In most cultures around the world, when you die, there is a visitation, a funeral, and a burial. All of this usually happens over the course of several days. That wasn’t the case for one man in Paducah, Kentucky. The path for Charles Henry Atkins, also known as “Speedy”, to get from death to burial took 66 years.
Before we get to his burial, let us talk about the life of Charles Atkins. He was born in Tennessee in 1875 and moved to Kentucky later in life to find work. He would eventually settle in Paducah and work at the Dixon Tobacco Company. He got the nickname “Speedy” because of how quickly he could handle the tobacco.
From what I could find in newspaper archives, Atkins didn’t have any family in Paducah. He was friends with a man named A.Z Hamock. Hamock was a Black man, who ran the funeral home for Blacks in Paducah.
In May of 1928, Atkins was fishing in the Tennessee River and fell into the water and drowned. Since he didn’t have any family, Atkins’s body was handed over to Mr. Hamock at the funeral home. According to an article from the Messenger-Inquirer-Sun, Atkins was the subject of an experiment by Hamock, who mixed together chemicals to create an embalming fluid that preserved bodies the way Egyptians preserved mummies. A few months later, Atkins’s body turned to what resembled stone.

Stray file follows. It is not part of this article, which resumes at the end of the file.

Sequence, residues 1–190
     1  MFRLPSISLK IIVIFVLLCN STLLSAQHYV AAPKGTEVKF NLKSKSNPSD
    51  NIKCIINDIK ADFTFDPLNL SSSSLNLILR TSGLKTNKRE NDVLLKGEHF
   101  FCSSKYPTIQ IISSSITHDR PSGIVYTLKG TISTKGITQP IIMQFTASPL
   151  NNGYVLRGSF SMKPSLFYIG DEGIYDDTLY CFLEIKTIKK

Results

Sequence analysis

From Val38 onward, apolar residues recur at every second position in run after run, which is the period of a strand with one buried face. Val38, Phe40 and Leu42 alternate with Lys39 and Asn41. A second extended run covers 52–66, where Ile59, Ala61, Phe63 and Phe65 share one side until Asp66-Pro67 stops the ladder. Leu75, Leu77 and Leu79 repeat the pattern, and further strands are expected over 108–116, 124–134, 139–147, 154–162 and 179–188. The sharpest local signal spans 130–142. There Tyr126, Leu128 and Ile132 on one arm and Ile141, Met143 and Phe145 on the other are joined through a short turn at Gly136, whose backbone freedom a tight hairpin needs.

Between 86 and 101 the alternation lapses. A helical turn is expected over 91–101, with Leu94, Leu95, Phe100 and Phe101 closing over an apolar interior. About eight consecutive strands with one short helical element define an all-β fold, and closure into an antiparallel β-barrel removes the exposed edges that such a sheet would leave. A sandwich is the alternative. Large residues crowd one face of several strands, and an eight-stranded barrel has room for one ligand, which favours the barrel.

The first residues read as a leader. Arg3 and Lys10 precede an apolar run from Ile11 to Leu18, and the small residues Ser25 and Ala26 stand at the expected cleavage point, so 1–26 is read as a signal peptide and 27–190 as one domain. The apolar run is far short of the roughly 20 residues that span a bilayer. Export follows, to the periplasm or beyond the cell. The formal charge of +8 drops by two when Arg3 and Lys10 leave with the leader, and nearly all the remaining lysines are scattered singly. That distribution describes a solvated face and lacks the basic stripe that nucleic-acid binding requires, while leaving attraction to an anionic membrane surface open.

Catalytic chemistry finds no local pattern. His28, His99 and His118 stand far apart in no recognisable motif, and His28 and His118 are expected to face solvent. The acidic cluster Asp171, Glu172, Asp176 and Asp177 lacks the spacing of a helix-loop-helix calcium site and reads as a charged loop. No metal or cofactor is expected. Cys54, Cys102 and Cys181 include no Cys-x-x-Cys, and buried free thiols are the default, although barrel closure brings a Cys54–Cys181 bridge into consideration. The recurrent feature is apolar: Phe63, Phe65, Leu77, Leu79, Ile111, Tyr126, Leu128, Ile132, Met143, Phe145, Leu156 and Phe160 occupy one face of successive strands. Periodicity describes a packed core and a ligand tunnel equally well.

It’s not clear why Hamock didn’t bury Atkins after he was essentially turned into a mummy, but Atkins stayed in the Hamock’s home for 66 years. An article in the Paducah Sun-Democrat said that during the flood of 1937, the funeral home was flooded and Atkins floated away. Atkins was found a short time later near the funeral home. A burial was planned for Atkins in 1991, but for some reason, it didn’t happen.
Charles Henry “Speedy” Atkins was finally given a proper burial in 1994. Atkins had become something of a celebrity over the decades. He appeared on national TV three times. His life story has appeared in newspapers throughout the country. People traveled hundreds of miles to see him in person, and his burial made the front page of the Paducah Sun on that day. Atkins was buried in Maplelawn cemetery in Paducah, Kentucky.